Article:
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Firstly, as a bit of technobabble, there are two kinds of pinging: detonation (somewhat OK) and pre-ignition (holy pistons batman!). Detonation is somewhat normal on an engine putting out a lot of power especially if it's in lower rpms (IE climbing a hill loaded w/o downshifting). Pre-ignition is sort of the extreme version of it. The difference is that detonation is a second flame front igniting AFTER the spark sets off the primary (remember gasoline isn't exploding in the combustion chamber, it's a controlled burn). Pre-ignition is when conditions are right that the mixture ignites before spark occurs. This causes a build up of pressure while the piston is still rising and is how you melt rings, blow holes in pistons or head gaskets, and generally destroy an engine.

Either one can be caused by high compression/low octane for the compression ratio, glowing carbon, etc. lean mixtures makes it more susceptible which is part of the reason cars run rich at WOT...just to be sure since there's so much noise the knock sensors not as reliable.

the knock sensor sends a voltage signal to the ECU and yes, the ECU pulls ignition timing: that's it.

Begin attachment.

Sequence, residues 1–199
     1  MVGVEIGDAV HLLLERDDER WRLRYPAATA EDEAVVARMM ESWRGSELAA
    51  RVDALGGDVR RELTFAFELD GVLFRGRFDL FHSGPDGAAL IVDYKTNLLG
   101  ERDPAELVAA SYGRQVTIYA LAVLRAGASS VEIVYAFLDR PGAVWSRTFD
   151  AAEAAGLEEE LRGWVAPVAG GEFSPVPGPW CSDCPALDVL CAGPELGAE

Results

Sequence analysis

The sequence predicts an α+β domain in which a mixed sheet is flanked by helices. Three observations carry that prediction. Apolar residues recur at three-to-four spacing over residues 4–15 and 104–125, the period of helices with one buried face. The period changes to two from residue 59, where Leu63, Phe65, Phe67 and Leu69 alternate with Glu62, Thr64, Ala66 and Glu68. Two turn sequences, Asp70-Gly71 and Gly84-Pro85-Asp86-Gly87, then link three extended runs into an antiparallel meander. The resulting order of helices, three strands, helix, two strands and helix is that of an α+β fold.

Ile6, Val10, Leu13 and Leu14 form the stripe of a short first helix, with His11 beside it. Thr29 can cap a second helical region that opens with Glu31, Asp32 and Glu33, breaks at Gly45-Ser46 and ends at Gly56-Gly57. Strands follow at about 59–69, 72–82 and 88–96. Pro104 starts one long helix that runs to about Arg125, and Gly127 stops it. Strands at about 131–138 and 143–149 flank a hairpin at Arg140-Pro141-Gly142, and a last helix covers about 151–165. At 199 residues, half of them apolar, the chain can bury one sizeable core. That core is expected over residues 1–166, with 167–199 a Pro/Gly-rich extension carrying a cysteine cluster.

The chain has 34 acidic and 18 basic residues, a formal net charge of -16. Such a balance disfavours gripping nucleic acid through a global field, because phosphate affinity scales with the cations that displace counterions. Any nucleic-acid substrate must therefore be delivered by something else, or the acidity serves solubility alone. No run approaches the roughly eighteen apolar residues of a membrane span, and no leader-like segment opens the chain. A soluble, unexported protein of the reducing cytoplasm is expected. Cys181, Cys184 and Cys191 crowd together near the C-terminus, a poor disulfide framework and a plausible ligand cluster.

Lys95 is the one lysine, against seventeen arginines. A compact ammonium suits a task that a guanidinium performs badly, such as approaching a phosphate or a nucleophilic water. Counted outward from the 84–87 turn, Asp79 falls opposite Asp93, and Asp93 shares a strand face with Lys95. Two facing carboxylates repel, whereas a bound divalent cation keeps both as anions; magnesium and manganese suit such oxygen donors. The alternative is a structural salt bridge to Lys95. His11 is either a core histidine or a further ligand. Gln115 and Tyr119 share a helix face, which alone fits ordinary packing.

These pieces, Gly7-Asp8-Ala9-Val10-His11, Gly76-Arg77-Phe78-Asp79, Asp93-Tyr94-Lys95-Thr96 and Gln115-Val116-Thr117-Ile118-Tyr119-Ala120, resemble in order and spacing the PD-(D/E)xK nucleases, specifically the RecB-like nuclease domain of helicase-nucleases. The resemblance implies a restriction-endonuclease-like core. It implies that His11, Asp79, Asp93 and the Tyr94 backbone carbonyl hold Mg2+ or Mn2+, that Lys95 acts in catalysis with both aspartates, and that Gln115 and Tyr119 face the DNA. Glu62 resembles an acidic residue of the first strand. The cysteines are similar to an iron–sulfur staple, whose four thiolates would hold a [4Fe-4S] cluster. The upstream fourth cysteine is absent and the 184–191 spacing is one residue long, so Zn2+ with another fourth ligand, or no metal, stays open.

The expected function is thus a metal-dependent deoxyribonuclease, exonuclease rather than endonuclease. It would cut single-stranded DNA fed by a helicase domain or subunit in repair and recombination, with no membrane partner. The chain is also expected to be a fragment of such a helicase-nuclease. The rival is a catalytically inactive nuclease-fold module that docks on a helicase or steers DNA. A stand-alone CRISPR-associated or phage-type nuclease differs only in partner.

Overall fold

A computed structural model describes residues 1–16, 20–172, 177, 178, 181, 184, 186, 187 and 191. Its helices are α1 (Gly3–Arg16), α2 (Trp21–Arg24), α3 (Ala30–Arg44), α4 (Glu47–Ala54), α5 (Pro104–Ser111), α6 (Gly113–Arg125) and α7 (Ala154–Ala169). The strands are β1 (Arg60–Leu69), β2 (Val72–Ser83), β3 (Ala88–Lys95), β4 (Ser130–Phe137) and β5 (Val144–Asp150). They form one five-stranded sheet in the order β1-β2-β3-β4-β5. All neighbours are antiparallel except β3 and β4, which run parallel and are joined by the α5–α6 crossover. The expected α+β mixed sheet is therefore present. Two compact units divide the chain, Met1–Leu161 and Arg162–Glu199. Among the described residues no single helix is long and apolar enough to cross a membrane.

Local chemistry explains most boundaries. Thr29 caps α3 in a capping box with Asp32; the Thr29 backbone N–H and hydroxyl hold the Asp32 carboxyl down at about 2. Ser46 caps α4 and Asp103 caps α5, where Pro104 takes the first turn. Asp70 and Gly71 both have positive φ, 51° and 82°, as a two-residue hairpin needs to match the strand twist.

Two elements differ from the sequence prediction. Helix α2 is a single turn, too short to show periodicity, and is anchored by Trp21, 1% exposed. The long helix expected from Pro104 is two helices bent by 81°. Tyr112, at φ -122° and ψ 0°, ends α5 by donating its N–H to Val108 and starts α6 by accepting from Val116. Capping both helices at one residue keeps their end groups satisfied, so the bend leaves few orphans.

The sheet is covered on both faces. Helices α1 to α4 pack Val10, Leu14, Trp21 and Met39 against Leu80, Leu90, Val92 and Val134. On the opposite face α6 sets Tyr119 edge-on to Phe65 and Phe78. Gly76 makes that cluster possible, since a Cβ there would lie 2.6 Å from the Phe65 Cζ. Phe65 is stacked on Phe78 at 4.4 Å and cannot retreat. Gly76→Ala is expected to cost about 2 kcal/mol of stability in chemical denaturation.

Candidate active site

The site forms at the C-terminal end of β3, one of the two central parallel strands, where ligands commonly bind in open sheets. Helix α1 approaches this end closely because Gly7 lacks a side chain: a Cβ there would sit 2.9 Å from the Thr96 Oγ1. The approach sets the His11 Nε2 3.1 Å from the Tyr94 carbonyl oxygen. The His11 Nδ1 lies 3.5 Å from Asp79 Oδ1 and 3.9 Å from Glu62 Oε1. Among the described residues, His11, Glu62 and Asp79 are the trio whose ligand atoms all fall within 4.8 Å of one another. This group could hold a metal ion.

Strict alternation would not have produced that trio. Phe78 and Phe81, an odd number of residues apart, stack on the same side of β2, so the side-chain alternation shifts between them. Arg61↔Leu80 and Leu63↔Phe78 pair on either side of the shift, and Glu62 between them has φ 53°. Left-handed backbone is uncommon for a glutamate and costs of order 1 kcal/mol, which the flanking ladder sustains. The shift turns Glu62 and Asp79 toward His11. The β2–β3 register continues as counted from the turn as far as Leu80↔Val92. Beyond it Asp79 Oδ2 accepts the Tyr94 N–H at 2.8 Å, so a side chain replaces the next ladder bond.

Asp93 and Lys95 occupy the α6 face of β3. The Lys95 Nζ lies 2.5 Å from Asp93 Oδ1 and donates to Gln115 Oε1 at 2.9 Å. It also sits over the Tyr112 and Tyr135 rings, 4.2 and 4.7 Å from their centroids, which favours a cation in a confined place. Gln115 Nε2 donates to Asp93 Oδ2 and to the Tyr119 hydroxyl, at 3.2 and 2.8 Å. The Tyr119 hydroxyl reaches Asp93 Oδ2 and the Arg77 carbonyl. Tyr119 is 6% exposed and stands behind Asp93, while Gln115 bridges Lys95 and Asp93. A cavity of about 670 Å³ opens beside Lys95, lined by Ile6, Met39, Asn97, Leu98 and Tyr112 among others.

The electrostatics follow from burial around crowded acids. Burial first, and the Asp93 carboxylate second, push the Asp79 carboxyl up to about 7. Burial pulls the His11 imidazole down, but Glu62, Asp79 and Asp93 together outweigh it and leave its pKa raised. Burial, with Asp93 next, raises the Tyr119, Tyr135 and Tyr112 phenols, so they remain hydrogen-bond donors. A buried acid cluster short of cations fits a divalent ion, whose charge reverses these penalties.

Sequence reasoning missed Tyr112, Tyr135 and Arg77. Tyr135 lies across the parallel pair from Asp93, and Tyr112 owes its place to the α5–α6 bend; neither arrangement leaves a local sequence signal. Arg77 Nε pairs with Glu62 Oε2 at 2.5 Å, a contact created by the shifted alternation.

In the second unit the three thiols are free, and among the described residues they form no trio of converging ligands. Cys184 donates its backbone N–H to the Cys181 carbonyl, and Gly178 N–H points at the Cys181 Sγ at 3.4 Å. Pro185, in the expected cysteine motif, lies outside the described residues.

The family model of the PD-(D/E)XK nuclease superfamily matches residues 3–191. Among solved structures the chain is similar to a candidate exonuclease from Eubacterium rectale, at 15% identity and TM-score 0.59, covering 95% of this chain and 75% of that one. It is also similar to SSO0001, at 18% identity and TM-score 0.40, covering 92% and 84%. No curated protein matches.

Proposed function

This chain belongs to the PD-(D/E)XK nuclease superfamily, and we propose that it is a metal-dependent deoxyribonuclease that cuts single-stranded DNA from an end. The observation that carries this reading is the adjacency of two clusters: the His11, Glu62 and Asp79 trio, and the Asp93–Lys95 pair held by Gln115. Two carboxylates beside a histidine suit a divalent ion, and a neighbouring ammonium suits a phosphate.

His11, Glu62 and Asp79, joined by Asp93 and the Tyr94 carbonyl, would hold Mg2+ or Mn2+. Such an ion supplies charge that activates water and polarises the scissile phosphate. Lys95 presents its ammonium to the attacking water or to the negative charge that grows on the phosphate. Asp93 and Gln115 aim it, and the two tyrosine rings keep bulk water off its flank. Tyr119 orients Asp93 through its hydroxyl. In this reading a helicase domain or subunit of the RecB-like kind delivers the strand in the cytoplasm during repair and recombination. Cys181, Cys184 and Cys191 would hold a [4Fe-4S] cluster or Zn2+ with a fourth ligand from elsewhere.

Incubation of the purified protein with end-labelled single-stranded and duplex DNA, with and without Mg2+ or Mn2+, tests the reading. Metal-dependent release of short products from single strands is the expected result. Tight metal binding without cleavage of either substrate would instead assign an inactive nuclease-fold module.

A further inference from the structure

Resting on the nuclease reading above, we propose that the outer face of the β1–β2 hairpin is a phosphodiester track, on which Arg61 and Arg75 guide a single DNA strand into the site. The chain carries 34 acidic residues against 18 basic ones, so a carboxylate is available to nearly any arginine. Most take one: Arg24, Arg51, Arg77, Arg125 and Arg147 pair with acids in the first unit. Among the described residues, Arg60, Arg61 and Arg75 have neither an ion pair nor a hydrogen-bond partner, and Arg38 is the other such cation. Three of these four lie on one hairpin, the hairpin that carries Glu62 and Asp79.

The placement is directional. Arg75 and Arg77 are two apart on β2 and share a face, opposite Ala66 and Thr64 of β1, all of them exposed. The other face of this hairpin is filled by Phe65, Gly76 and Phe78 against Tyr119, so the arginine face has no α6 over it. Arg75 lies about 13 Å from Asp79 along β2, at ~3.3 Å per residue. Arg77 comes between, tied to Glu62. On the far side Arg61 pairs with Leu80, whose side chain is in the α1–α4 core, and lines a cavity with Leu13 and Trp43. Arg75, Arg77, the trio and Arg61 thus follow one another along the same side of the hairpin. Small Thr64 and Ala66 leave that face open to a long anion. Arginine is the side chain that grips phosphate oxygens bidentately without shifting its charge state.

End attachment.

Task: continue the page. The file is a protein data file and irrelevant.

I usually think of it as sounding like shaking a spray paint can after the paints all gone and the ball's just bouncing around.

As far as why some do and some don't, a lot of it has to do with lots of people not knowing what to listen for and some people calling loose valves or bearings pinging. also, as with any 20+ year old engine design, some have been rebuilt, some more than once. shaving the head and/or block will raise compression which increases the tendancy to ping. Could also be one injector running rich or another running lean throwing off the mixture for the others (lean running ones start to ping, others are OK). or differences in compression. Quality of gas will affect it too. running hot, EGR ports plugged, increased ignition timing all contribute.
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Old 01-05-2011, 12:50 PM   #8 (permalink)
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^ Good posting
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Old 01-05-2011, 04:59 PM   #9 (permalink)
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Quote: